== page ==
SAN JOSE, Calif. (AP)—Danero Thomas realizes Murray State lost its chance to sneak up on anybody else in the NCAA tournament when his jumper beat the buzzer and Vanderbilt.
He certainly knows the 13th-seeded Racers won’t catch Butler by surprise on Saturday. After all, the fifth-seeded, nationally ranked Bulldogs got to the top of the mid-major heap by surprising one big-name school after another until they earned their own big name.
“We’ve been doing it all year,” said Thomas, whose 15-footer sent Murray State into the second round. “It’s just the next game, and we’ve been winning since the beginning, so we’ve just got to get in there and stay focused.”
Butler already is everything the Racers aspire to be: a small-school power with a rich basketball tradition and a history of outperforming schools with bigger budgets and more television visibility. Murray State has the hoops history—and a 31-win season after romping through the Ohio Valley Conference— but doesn’t have Butler’s national respect.
With a win at the Shark Tank and a trip to the West Regional semifinals, the Racers believe they could seize it.
“Our guys don’t think they’re mid-major,” Murray State coach Billy Kennedy said. “They all believe they’re high-major. They all think they should have gone to Kentucky or Louisville. … It’s not bad that they have that confidence. The hard thing is getting them to play together and be unselfish, and that’s what Butler has been able to do, and we’ve been able to do.”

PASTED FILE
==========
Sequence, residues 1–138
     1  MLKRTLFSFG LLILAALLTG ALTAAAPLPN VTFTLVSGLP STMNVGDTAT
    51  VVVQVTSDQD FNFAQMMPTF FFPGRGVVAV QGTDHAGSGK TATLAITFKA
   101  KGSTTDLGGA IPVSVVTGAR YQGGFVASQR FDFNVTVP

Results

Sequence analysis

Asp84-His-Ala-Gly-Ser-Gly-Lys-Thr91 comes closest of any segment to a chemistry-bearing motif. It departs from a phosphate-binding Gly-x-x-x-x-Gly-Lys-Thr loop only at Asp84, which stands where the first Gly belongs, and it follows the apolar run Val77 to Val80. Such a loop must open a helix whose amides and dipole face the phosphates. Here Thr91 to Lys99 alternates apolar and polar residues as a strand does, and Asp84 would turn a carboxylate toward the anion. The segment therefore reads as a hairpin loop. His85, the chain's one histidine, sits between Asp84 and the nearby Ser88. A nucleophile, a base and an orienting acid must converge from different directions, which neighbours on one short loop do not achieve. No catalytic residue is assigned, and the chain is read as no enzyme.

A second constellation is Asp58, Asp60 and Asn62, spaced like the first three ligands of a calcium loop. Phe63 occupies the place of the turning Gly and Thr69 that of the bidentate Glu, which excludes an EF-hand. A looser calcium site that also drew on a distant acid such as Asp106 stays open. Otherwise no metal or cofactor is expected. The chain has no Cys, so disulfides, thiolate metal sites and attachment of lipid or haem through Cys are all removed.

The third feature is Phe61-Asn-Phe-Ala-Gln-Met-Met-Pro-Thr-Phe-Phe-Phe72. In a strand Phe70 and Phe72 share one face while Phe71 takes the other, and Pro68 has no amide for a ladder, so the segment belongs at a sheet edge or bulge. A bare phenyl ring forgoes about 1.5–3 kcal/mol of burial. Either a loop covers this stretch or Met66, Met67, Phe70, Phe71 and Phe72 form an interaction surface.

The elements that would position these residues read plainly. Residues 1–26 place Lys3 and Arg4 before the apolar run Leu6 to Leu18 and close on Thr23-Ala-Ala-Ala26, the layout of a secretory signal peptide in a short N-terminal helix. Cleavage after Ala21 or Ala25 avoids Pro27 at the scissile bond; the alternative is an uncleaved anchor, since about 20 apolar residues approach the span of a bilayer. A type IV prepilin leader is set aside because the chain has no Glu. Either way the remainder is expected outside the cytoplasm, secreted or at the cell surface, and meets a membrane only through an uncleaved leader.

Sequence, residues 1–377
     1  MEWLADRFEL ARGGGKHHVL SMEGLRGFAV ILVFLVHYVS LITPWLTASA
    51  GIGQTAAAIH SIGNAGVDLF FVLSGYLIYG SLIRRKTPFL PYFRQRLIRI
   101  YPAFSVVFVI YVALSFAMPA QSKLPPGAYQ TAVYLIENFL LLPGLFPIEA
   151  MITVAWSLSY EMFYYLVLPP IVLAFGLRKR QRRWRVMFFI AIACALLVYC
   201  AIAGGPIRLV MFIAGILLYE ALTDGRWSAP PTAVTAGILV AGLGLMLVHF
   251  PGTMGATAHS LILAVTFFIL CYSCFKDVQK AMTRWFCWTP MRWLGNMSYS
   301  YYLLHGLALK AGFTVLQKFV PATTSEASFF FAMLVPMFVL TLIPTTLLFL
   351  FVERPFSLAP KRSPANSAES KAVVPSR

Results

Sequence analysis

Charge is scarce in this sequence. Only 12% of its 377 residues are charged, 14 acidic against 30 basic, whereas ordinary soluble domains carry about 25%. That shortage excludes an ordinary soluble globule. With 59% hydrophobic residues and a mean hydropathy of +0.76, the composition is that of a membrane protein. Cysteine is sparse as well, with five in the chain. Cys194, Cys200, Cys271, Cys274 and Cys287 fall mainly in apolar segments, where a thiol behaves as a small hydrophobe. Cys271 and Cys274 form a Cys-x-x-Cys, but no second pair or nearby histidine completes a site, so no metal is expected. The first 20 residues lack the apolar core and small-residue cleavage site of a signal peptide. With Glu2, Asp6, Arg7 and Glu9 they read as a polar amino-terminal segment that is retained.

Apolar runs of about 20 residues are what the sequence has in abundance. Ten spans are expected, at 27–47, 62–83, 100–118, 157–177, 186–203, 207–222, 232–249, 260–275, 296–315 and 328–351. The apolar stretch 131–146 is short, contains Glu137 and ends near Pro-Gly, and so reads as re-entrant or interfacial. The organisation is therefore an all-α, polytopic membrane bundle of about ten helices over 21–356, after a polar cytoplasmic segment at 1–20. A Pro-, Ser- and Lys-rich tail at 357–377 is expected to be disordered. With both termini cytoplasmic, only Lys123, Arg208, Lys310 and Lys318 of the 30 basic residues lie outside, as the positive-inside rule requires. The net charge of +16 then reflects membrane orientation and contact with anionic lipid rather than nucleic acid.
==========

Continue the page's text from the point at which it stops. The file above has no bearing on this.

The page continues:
Murray State has the full attention of Butler (29-4), which is going after its 22nd straight victory and second trip to the regional semifinals in four years. The Bulldogs, champions of the Horizon League, dispatched well-regarded UTEP in their opener with a 25-point performance by Shelvin Mack, who hit seven 3-pointers.
When Murray State talks about earning respect, Butler’s players nod their heads. The Bulldogs might have the trappings of elite mid-major success, but the Indiana and Purdue fans all around their Indianapolis campus are just one way they stay humble.
“For some people, I’m sure that used to be—or still is the case—with us,” Butler’s Matt Howard said. “Any time you look at a mid-major, the thing that happens is people look down on them a little bit, and don’t get as excited to play as they would against a Vanderbilt or against an SEC team. If you look at what they did, that’s good enough proof that they’re legit. If you’ve been in the situation and it’s reversed, hopefully you’re not going to let that happen to you.”
In more practical terms, Murray State’s balanced scoring concerns Butler coach Brad Stevens, who sees similarities between his own approach to offense and Kennedy’s fluid attack.
“We’ve played a lot of good teams this year, and if they’re not the best, they’re right there at the top,” Stevens said. “I just haven’t thought enough about it to rank everybody. … They’re not unfamiliar to coaches. They’re not on TV as much as some teams, and the irony is they’re better than a lot of the teams that are on TV all the time.”
Although the schools haven’t met since 1976, Murray State and Butler shared an unusual bond through much of the regular season. The Racers won 17 straight games in a streak that began in late December—the same time Butler began its current streak, the nation’s longest this season.
“A lot of people would tell me after our games, ‘Butler won,”’ Kennedy said. “So I thought, we’ve got to keep winning. Some of our guys followed it a little closer than others.”
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